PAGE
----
Does someone come and take away your PhD in English? Does your Canadian passport spontaneously catch on fire? Are you called before a panel to prove you still recognize what it means to be human? what constitutes beauty?
Thankfully I’ll never know, because I did like Friend of My Youth, though not as much as other members of book club, and more than M. I can’t tell you much about it because it’s a short story collection and I’ve already forgotten all of the stories. What I do remember is lots of layering of narration such that the person telling the story isn’t really the person the story is about. My wild insight for book club: can we ever really know anyone?! No, E., no we cannot. I also remember the accuracy of K.’s observation that with a Munro story you’re reading along happy as can be and then *bam* someone is an adulterous, soul-rending, murderous… housewife (re: can we ever really know anyone). My other insight: I serially underestimate how long it will take me to read a collection of short stories. My ill-founded belief that it’s ‘just’ a short story collection belies that it’s still 300 pages of reading. I should have never dropped out of maths.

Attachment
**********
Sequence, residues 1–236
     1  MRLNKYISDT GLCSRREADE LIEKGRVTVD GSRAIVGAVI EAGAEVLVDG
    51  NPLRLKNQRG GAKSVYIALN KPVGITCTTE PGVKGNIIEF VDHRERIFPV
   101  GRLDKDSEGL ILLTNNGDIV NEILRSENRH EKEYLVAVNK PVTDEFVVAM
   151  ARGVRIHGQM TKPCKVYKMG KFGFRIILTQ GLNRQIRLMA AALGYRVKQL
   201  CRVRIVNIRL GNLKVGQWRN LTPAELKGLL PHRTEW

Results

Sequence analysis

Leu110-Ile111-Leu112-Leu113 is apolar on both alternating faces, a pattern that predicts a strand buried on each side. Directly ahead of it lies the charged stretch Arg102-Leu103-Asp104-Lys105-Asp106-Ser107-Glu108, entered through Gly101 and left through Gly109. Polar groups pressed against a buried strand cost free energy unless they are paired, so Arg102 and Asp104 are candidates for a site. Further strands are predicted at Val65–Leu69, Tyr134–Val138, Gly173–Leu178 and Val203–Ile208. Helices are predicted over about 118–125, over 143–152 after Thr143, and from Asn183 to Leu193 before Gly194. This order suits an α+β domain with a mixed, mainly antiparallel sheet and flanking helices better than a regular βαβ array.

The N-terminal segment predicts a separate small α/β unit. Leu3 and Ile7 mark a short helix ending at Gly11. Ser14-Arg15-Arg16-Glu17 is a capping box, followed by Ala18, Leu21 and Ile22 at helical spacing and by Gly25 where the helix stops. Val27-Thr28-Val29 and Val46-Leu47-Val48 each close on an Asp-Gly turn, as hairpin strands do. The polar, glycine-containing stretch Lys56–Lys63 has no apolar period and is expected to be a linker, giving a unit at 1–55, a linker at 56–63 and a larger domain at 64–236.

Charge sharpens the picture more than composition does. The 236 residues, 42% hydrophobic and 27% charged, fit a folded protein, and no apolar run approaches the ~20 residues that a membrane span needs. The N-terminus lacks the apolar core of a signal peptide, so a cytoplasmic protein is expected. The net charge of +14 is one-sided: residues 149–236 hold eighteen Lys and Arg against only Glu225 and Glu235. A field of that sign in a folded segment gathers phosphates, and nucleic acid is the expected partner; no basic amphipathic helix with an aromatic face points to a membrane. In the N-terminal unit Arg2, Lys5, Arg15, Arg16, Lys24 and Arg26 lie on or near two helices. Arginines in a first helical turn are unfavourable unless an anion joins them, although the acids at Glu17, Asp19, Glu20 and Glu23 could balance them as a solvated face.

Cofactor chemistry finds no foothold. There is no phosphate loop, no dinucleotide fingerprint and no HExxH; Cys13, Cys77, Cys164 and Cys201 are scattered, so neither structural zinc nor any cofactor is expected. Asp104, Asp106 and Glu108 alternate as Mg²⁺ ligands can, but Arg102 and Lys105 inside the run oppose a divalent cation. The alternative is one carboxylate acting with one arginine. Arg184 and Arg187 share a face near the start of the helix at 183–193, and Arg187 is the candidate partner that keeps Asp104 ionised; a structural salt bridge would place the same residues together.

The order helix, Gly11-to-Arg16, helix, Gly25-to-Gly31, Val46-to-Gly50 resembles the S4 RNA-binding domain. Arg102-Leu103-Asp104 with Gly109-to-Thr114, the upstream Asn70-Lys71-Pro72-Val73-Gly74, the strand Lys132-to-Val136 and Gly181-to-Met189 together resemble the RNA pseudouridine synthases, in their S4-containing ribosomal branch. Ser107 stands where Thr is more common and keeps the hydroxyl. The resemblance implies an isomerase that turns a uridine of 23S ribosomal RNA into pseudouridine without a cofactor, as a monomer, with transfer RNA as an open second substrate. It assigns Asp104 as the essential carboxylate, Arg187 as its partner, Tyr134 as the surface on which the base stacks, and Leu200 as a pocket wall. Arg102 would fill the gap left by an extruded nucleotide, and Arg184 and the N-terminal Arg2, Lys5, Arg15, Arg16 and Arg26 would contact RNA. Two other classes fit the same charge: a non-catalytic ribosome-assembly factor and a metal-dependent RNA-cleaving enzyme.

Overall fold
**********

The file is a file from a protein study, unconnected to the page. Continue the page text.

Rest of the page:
So two books and one post ought to tell you something (and yes, the something is that I’m a little behind on posting).
First up – The Love of a Good Woman
So you know my deal with short stories and my deal with Alice Munro (hate the former, love the latter, the complexity of this hate-love keeps me up at night). So why did I find this collection to be… less than satisfying? I don’t know. I think maybe I had some weird and misplaced expectation that these stories were going to link together more – I kept waiting for a bit more resonance. Of course the usual Munro things stayed true: her genius, the capacity for a single sentence to capture an entire character/setting, the thrust of a verb… so no complaints with the stories themselves, more a complaint with the stories as a collection. I just wasn’t thrilled.